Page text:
Lawmakers blame Duterte for creating climate of impunity in PNP | Inquirer News

Lawmakers blame Duterte for creating climate of impunity in PNP

It’s all President Duterte’s fault that a South Korean businessman was kidnapped and strangled inside the Philippine National Police headquarters, that policemen involved hid the grisly crime while asking for ransom from his wife, and that the victim’s own golf clubs were used to pay for his cremation.

That’s because of a climate of impunity created by the President when he gave policemen orders to wage a bloody campaign against illegal drugs, according to Sen. Leila de Lima and party-list representatives.

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The killing of Jee Ick-joo by policemen has prompted calls from lawmakers for PNP Director General Ronald “Bato” dela Rosa to resign.

But Mr. Duterte has refused to let go of Dela Rosa.

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In a speech during the induction of the Negros United Coalition officers on Sunday in Bacolod City, the feisty senator said Jee  was a victim of a “tokhang-for-ransom” operation by policemen assigned to the PNP Anti-Illegal Drugs Group.

The Korean was abducted by the police from his house in Angeles City and was killed in Camp Crame in October last year, while his wife paid a

P5-million ransom, not knowing that he was already dead, investigation reports showed.

“That, to me, is damning proof that it is the police that is behind these death squads,” said De Lima, who has accused Mr. Duterte of involvement in extrajudicial killings of criminals since he was mayor of Davao City.

“If you give license to the police to be undertaking those summary executions, then you are also giving them license to do more abuses,” she said.

“The tokhang-for-ransom issue is an example of how evil elements are operating in the guise of our law enforcers. It is a display of how the blanket license to kill given by the President is not just ineffective in addressing the illegal drugs problem, but worse, one that creates a moral vacuum that allows graver crimes to be committed,” she said.

“Oplan Tokhang” is the police campaign to convince drug pushers and users to surrender. More than 1 million have surrendered, but some 6,000 people have been killed in the campaign, including 2,200 in police operations.

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Presidential spokesperson Ernesto Abella said Jee’s killing inside Camp Crame “simply goes to show that the depth of corruption has really taken root within government institutions.”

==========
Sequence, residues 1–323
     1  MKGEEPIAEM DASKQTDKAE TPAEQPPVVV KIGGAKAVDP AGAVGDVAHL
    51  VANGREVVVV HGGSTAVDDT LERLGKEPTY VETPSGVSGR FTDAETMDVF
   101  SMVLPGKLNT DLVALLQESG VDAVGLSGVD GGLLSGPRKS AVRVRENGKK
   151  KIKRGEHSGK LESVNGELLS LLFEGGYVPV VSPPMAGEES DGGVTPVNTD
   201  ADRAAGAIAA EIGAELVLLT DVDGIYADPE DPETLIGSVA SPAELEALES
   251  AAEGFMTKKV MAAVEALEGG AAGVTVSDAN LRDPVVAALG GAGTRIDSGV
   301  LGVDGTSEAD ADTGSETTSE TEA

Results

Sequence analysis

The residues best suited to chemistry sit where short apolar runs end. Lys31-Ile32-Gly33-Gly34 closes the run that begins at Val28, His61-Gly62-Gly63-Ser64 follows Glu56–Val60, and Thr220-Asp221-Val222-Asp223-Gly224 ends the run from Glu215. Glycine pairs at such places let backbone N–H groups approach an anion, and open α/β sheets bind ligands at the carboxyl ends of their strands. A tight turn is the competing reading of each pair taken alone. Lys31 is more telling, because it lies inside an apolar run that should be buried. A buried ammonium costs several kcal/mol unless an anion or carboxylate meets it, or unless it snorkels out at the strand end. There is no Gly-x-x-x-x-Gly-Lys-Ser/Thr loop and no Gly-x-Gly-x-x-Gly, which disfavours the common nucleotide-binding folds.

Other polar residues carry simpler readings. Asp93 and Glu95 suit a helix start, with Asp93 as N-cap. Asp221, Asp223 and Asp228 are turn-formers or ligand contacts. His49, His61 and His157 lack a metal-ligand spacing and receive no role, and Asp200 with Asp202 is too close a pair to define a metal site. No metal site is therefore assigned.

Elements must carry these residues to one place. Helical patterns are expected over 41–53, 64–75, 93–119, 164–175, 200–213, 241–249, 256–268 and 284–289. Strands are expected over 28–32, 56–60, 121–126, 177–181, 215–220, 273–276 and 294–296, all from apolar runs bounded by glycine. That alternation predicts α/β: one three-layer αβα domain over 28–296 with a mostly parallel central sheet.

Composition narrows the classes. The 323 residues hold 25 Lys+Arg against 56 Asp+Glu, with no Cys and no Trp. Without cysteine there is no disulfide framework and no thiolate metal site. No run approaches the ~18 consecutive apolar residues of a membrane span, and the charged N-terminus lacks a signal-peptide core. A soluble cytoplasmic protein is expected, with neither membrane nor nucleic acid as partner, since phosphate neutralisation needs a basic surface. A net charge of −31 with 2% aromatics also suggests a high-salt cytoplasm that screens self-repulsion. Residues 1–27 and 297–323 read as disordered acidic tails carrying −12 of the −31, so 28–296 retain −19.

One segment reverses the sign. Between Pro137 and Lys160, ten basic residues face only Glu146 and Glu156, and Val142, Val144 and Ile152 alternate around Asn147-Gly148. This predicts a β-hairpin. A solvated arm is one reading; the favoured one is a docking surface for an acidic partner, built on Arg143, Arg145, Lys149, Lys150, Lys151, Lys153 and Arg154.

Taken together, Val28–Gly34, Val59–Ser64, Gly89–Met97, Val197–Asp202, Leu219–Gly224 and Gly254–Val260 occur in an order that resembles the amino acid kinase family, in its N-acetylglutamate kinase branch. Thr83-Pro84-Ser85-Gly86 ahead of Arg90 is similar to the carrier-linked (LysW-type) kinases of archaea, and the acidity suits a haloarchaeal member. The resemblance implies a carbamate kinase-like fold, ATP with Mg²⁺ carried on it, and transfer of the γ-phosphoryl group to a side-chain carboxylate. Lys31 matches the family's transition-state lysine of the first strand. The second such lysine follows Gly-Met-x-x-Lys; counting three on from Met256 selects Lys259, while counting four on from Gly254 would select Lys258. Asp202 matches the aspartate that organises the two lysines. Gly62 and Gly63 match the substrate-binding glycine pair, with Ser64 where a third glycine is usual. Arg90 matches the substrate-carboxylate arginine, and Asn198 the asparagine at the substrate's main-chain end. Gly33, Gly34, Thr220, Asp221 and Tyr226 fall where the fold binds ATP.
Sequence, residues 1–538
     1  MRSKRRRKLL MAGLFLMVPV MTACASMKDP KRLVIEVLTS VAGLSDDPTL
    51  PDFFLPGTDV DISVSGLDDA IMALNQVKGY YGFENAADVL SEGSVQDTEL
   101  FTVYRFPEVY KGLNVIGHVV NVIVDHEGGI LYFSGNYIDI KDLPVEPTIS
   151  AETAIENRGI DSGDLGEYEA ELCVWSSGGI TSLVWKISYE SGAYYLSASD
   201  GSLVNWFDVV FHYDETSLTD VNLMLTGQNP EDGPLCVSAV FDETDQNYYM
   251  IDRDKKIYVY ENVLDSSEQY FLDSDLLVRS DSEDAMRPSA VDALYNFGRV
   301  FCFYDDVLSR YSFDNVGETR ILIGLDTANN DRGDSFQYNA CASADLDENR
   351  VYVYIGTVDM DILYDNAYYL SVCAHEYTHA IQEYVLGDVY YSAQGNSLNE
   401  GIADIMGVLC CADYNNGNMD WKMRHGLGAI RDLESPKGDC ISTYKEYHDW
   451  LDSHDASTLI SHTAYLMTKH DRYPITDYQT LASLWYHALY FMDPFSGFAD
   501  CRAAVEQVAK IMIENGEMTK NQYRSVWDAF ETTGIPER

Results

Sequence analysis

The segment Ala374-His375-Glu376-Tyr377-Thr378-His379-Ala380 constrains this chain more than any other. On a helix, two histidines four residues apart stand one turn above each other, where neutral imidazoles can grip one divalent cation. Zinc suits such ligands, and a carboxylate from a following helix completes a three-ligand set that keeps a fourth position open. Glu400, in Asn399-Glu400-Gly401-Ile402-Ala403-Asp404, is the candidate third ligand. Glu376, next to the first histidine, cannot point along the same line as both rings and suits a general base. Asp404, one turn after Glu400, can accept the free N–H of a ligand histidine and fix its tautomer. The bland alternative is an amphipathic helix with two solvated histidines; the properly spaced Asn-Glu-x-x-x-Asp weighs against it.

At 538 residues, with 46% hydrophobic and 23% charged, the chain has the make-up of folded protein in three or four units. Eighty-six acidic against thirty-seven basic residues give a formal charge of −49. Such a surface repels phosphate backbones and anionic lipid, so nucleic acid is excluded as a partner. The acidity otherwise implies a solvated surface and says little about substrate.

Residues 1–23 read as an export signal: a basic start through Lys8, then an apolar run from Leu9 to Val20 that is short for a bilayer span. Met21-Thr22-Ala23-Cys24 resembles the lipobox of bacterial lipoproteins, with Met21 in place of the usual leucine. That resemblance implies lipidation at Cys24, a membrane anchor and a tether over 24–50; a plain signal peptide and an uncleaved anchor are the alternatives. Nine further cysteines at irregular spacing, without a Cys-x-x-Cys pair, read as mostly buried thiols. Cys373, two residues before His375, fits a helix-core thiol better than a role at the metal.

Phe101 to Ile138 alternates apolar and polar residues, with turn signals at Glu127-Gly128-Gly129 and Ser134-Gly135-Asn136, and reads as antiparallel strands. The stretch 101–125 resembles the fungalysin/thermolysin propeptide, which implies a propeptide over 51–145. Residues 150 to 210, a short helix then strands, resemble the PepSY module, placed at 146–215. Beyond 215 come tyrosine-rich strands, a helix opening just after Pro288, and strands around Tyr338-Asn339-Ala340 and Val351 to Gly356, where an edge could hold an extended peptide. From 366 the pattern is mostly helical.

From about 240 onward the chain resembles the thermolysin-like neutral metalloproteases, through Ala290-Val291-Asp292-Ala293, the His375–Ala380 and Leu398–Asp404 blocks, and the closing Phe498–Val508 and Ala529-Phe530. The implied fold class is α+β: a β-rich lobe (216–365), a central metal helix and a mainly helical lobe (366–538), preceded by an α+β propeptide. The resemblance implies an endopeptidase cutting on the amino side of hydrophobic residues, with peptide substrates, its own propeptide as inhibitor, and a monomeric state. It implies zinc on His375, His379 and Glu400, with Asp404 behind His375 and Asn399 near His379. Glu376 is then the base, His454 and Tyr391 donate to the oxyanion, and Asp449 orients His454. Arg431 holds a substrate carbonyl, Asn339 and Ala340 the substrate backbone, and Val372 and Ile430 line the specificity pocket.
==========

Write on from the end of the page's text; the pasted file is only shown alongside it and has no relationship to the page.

But De Lima said public interest was being raised by the government as an alibi for the rampant commission of crimes.

“Those who are being killed in the war on drugs are the poor, while a big-time drug lord who met with the President has not been charged and appears to have left the country,” she said, referring to Peter Lim, who met with Mr. Duterte to deny allegations that the businessman was a drug lord.

“Let’s make our voices heard, we cannot just keep quiet,” De Lima said. “We have to fight for the rights of all, because if we do not, we are making it easier for our own rights to be abused.”

Clarify message

De Lima called on the public to ignore lies spread on social media that created a culture of hate, alluding to allegations by Mr. Duterte that she received drug payoffs from syndicates operating out of New Bilibid Prison when she was justice secretary.

Rep. Harry Roque of Kabayan said in a press conference that Mr. Duterte should go slow with his statements that he would support the police “at all cost.”

“This emboldens the police,” Roque said. “There will be more police scalawags if they see that whatever they do, the President’s got their back.”

Roque said Mr. Duterte must clarify his message and show the police that he would not tolerate any crime and he would mete out the worst  punishment to them.

Rep. Alfredo Garbin Jr. of Ako Bicol said the killing of the Korean “was a product of the culture of impunity brought about by the unresolved killings in relation to the war on drugs.”

“Here we saw that the police themselves are involved [in the illegal drug trade] in the guise of the war on drugs… Some policemen, especially those with ties to syndicates, have been emboldened to do these things because they thought these would not be resolved and these would just be forgotten,” Garbin said.

“They should not just focus on [Jee], but on the more than 4,000 nameless Filipinos who have become victims of this war on drugs,” Garbin said.

Systems failure

Roque, however, would not put the blame squarely on Mr. Duterte’s shoulders.

He emphasized that the crimes that became consequences of the war on drugs were part of the “complete systems failure,” a breakdown of the country’s criminal justice system.

“This is the fault of the President, the judiciary, the society which has accepted the killings. People are happy because their communities are quiet now because the [drug suspects] are dead… All of us are responsible here,” Roque said.

What’s more, there are policemen who commit crimes themselves, even right inside their national headquarters, instead of implementing the law, Roque said.

Roque said the extrajudicial killings would not be resolved until the criminal justice system is reformed. “We have to rebuild our damaged institutions,” he said. —WITH A REPORT FROM MARLON RAMOS

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TAGS: extrajudicial killings, Jee Ick-joo, Philippine news updates, police abuses, Rodrigo Duterte, war on drugs
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